During the summer of 1984, we were staying at my grandmother’s house. We were ecstatic because the TV rules were quite liberal at her place. That was how, at age 10, I ended up watching hours and hours of summer Olympic coverage. That was the summer I begged to get a short, feathered hairstyle like expert vaulter Mary Lou Retton. That was also the summer that a sedentary little kid like me, with zero attachment to sports, fell in love with athletic pursuits.
Women could be fast? Who knew! Women could be beautiful? That I knew, but now they could be both. And they could get the whole planet talking about their speed and their style?
It was the first time I saw inspiring, gorgeous, flashy women killing it on my TV screen. Everyone was talking about Florence Griffith Joyner (“Flo Jo”), who could both sprint like a thoroughbred and paint her fabulous nails in multiple colors. Her physique and her bright red lipstick changed my life forever. Women could be fast? Who knew! Women could be beautiful? That I knew, but now they could be both. And they could get the whole planet talking about their speed and their style?
Oh yes, please!
And women could compete. Fiercely. I’ll never forget sitting in my Minnie Mouse nightgown watching barefoot runner Zola Budd racing in the 3000-meter final. If you were watching the Olympics that summer, you were talking about Zola and the heartbreak on Mary Decker’s face when she fell during a final race, allegedly because Budd tripped her. My pre-teen heart ached for both of them.
The 1984 Summer Olympics stirred something inside my sedentary 10-year old heart. It got me up, and moving. I was never destined to become an Olympic champion, but watching that summer opened up a new destiny for me. No longer were girls destined to sit on the sidelines watching male athletes hog all the fame and fortune. Now I knew that women could be on the cover of a Wheaties box.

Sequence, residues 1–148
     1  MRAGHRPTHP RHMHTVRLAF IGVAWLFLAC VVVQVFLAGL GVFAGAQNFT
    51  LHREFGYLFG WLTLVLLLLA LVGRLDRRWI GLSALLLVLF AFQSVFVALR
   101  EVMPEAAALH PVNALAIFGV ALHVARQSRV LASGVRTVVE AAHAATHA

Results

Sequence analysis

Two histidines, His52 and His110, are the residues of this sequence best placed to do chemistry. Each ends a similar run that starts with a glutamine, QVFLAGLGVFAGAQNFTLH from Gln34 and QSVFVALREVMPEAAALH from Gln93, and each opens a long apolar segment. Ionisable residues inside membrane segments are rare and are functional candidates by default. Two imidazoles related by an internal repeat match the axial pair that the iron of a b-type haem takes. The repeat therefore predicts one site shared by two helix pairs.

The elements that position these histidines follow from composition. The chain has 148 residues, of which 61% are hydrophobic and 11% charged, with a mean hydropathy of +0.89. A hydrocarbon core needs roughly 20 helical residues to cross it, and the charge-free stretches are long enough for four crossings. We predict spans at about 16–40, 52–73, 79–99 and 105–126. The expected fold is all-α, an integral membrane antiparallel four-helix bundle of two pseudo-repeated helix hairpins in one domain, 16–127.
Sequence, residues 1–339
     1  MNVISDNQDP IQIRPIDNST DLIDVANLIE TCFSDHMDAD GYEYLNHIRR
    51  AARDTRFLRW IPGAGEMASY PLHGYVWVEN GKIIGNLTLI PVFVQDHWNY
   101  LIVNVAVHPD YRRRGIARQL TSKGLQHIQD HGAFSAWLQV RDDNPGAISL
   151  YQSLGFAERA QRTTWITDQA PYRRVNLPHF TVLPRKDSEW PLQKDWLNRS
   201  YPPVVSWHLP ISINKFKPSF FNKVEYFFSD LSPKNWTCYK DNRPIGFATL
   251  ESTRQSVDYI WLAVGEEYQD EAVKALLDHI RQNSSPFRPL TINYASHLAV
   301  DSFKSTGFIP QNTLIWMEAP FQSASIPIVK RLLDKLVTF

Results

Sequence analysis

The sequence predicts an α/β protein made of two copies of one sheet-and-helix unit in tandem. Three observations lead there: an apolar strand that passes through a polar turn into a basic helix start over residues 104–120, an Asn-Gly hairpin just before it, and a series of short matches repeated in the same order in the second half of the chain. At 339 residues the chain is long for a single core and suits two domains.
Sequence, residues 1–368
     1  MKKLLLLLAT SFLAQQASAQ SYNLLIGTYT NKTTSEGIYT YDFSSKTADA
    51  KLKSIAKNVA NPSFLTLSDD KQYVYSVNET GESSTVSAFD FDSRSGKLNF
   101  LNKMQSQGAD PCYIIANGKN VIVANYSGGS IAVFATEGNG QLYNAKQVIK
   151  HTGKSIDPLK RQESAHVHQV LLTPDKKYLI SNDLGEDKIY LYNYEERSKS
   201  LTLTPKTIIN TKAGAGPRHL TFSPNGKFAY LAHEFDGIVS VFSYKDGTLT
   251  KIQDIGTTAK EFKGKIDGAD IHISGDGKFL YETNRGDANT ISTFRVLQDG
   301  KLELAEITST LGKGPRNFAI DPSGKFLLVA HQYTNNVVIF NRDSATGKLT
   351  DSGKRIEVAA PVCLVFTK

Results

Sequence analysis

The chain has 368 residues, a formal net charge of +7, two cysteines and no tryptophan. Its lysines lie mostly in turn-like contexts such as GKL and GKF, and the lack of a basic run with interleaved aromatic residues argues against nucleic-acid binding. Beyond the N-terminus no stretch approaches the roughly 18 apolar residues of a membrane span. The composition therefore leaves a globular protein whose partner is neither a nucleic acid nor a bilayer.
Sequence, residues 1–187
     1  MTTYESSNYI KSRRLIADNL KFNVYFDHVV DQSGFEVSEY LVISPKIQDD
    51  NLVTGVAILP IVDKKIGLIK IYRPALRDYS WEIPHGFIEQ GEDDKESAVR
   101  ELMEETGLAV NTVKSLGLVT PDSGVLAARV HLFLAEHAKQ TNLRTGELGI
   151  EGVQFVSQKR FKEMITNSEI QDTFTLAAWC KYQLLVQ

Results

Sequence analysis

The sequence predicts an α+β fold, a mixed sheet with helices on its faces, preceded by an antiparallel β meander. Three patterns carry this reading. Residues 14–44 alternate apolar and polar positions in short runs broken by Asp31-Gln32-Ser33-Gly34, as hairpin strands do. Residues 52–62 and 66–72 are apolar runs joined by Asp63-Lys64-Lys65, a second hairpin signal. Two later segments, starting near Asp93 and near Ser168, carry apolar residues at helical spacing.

The generation above me had Nadia, and my younger sister had “The Magnificent Seven” gymnastics dream team from 1996. My swimming friends adored Janet Evans, and the skaters wanted to be Nancy Kerrigan or Debi Thomas. (For obvious reasons, no one wanted to be Tanya Harding.) These women at the top of their fields exploded on our TV screens with as much intensity as the men did. That was first for me, and I want that for my daughter.
This summer, when Olympics coverages begins, I’m going to give my daughter unlimited screen time for the first time in her life. If her head doesn’t explode from shock, she’s going to be amazed by what she sees and feels. The heart, the grit, the tenacity. She’s going to find her own Mary Lou Retton to idolize—maybe Simone Biles or Aly Raisman. Maybe there’s a synchronized swimmer out there who will capture her heart or a volleyball hero whose image she will post on the wall by her bed.
My job is to give her the chance to fall in love with women in sports and let the champions speak for themselves. I plan to sit right next to her and fall right along with her.